DaVita contends that Marietta’s interpretation of the MSPA runs counter to the purpose of the statute. Id. at 44. According to DaVita, “tak[ing] into account” means “giving consideration to,” and therefore a plan can take into account ESRD patients’ Medicare eligibility without expressly targeting ESRD patients. Id. DaVita asserts that under Marietta’s interpretation of the “take into account” provision, plans could easily evade the MSPA’s mandate by not including express references to Medicare eligibility; thus, plans could only be charged with violating the provision if they were “careless enough to expressly reference Medicare eligibility.” Id. at 45. Therefore, DaVita argues that Marietta could violate the “take into account” provision by designing the Plan with the intention that ESRD patients would abandon the Plan for Medicare. Id.
DaVita maintains that its interpretation does not require health plans to set a fixed level of coverage for benefits, nor provide priority treatment for dialysis. Id. at 45, 46. DaVita posits that its interpretation does not violate ERISA because plans are “generally free” to adopt and modify plans under ERISA; however, these plans are faced with specific statutory requirements for ESRD patients under the MSPA. Id. at 46. According to DaVita, plans would not be required to reimburse services for the disabled or elderly “on a priority basis.” Id. Instead, DaVita contends that these plans simply are not allowed to take Medicare eligibility into account when designing health plans. Id.
THE MSPA’S “DIFFERENTIATION” PROVISION AND DISPARATE IMPACT LIABILITY
Marietta argues that it has not “differentiat[ed]” in benefits provided to ESRD patients because it offers the same benefits to individuals with ESRD as others covered by the Plan. Brief for Petitioners at 46. Marietta contends that because there is no such difference, it could not possibly have differentiated. Id. In support of this contention, Marietta asserts that plans only violate the differentiation provision if they provide different benefits to ESRD patients, either by name or by definitions that impliedly target that group. Id. at 47. For example, Marietta posits, a plan that targets “routine maintenance dialysis” would impliedly target ESRD patients. Id. at 50. According to Marietta, because its plan does not do so, it has not differentiated. Id.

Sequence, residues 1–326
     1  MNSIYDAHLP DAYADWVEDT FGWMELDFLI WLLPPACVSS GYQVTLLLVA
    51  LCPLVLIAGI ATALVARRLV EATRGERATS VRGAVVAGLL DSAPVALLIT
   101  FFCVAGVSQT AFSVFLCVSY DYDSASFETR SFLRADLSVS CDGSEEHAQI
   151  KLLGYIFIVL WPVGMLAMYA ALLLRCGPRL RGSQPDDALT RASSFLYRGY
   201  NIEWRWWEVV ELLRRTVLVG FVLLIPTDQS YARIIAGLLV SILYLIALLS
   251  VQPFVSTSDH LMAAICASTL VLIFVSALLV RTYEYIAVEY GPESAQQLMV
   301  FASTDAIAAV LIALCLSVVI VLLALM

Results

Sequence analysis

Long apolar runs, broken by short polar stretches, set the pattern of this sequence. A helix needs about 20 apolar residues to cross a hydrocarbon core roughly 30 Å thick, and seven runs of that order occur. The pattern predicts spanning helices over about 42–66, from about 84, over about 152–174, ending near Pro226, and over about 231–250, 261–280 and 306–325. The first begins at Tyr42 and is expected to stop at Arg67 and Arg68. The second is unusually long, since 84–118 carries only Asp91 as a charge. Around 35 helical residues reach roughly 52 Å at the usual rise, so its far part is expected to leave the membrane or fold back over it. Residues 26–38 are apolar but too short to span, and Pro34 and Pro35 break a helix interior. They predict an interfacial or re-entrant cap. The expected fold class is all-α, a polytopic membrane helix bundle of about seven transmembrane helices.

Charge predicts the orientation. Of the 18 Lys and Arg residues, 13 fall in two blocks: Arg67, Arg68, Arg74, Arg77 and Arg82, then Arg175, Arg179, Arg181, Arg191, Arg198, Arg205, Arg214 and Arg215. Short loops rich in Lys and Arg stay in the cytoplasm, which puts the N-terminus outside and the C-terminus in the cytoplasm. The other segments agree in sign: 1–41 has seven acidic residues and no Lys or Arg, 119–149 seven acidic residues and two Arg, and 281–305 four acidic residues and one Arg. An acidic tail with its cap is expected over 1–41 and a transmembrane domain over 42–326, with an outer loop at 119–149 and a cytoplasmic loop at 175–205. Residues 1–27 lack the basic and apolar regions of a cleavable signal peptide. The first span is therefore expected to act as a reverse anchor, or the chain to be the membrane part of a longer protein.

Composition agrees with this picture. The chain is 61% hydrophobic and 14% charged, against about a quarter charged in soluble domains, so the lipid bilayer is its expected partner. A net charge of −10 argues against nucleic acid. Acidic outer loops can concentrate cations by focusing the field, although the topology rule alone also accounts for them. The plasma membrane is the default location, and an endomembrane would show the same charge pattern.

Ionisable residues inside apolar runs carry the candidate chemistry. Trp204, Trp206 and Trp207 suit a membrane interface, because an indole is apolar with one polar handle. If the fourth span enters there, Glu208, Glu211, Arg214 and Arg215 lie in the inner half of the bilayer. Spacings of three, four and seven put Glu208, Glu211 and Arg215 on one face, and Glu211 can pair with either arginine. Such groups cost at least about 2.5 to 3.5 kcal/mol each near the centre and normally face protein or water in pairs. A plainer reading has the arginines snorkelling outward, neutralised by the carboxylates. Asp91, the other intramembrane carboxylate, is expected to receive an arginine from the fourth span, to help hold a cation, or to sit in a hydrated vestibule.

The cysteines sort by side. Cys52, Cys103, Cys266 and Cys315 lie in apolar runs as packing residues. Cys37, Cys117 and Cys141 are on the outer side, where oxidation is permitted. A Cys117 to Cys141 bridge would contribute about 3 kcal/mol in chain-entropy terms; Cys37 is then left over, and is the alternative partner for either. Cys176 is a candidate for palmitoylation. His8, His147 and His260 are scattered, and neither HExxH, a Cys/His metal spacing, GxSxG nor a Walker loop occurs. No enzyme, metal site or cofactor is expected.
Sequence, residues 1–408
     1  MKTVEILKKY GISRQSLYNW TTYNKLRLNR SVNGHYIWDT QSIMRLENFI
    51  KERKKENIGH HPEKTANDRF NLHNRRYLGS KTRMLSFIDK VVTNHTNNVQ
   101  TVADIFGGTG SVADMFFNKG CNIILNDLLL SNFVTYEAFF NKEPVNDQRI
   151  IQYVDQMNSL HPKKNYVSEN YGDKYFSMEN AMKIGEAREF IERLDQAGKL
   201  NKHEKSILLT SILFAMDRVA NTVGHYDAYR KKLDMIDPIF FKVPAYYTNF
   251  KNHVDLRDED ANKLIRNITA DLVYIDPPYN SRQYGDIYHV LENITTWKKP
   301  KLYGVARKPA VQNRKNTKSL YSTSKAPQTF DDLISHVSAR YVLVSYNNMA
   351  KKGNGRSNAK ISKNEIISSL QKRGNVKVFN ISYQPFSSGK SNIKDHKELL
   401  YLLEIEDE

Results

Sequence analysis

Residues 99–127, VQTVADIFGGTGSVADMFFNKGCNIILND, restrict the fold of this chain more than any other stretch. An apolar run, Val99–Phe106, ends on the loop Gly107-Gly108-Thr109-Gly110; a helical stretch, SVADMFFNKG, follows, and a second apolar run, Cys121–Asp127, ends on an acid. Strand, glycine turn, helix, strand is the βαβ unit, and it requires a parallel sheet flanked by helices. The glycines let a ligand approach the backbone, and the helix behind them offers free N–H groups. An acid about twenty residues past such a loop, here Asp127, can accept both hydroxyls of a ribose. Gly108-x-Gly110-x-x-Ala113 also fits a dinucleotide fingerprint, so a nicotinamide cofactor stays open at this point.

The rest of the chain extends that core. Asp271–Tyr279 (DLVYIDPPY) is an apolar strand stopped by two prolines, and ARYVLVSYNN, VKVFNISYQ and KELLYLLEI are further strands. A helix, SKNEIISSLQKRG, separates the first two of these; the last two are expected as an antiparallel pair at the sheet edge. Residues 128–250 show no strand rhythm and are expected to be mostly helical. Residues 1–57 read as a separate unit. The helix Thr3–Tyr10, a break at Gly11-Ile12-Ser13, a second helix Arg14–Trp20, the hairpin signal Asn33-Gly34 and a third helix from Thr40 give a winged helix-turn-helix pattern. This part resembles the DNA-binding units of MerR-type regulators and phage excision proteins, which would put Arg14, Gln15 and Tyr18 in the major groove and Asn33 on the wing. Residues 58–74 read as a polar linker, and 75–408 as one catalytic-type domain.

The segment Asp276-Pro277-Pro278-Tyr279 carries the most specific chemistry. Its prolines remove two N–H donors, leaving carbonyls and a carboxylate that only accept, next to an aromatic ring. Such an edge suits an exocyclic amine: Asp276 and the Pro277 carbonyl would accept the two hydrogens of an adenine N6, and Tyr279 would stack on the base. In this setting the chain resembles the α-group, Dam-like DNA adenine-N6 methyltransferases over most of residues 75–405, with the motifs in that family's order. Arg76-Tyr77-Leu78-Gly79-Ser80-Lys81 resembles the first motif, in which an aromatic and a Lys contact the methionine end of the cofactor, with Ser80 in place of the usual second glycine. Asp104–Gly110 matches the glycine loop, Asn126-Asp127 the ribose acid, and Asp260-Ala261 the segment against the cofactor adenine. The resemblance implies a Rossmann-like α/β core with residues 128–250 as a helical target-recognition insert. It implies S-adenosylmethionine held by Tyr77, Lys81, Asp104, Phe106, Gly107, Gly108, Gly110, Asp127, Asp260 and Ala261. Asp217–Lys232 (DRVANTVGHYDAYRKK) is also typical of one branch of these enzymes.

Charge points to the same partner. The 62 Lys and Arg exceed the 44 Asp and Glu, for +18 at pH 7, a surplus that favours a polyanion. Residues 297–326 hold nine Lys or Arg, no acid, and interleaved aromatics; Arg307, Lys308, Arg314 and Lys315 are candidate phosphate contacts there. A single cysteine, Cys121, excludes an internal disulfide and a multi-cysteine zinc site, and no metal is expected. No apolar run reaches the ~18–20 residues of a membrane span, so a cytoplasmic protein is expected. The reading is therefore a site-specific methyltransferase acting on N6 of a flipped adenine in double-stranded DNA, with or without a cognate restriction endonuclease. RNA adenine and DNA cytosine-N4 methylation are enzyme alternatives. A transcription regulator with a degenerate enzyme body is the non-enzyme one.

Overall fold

Marietta also contends that disparate impact liability—where a facially neutral policy is shown to discriminate based on an adverse impact on a specific population—should not apply to the MSPA. Id. at 57. In support of this contention, Marietta points to the plain language of the statute. Id. Marietta asserts that Congress knew the difference between “differentiate” and “discriminate,” and thus, by using the term “differentiate'' in the MSPA, Congress did not intend to create disparate impact liability. Id. Furthermore, Marietta argues that none of the MSPA’s specified practices of differentiation—(1) “existence of ESRD,” (2) “need for renal dialysis,” or (3) “in any other manner”—provide a basis for disparate impact liability. Id. at 52.
DaVita counters that Marietta has demonstrated “differentiation” of ESRD patients by “disfavoring outpatient dialysis.” Brief for Respondents at 21. According to DaVita, Marietta’s plan provides more favorable cost-sharing obligations for inpatient dialysis as opposed to outpatient dialysis. Id. at 31. DaVita argues that this difference represents “differentiation” because inpatient dialysis is the typical setting for treatment of acute kidney injury, whereas ESRD patients typically receive dialysis in an outpatient setting. Id. at 31, 32.
DaVita also urges that the “differentiation” provision provides a basis for disparate impact liability. Id. at 32. DaVita contends that because the differentiation provision of the MSPA refers to the “consequences of actions,” and not just the “mindset of actors,” disparate impact liability is appropriate. Id. at 47. In support of this contention, DaVita points to the language “differentiation… in any other manner” to demonstrate that Congress intended for the differentiation provision to be broad. Id. at 48. Thus, DaVita argues, even if Marietta’s plan is facially neutral, it still violates the MSPA’s differentiation provision by disproportionately affecting ESRD patients. Id.
MEDICARE & THE PRICE OF KIDNEY DIALYSIS
On behalf of its 45 members, Pacific Health Coalition, in support of Marietta, asserts that major dialysis providers have taken advantage of stringent Medicare regulations and economic restraints on market activity to inflate the costs of their dialysis services substantially. Brief of Amicus Curiae Pacific Health Coalition et al., in support of Petitioners at 32–33. Pacific Health Coalition argues that, since 2004, employment-based group health plans (“EGHPs”) have, on average, paid out over 260% of the Medicare rate for kidney dialysis treatment. Id. at 33. Pacific Health Coalition points out that, even when Medicare per-patient spending decreased for kidney dialysis treatment, EGHPs continued to pay substantially higher prices to major dialysis providers, with those providers reaping substantial profits. Id. at 33–34.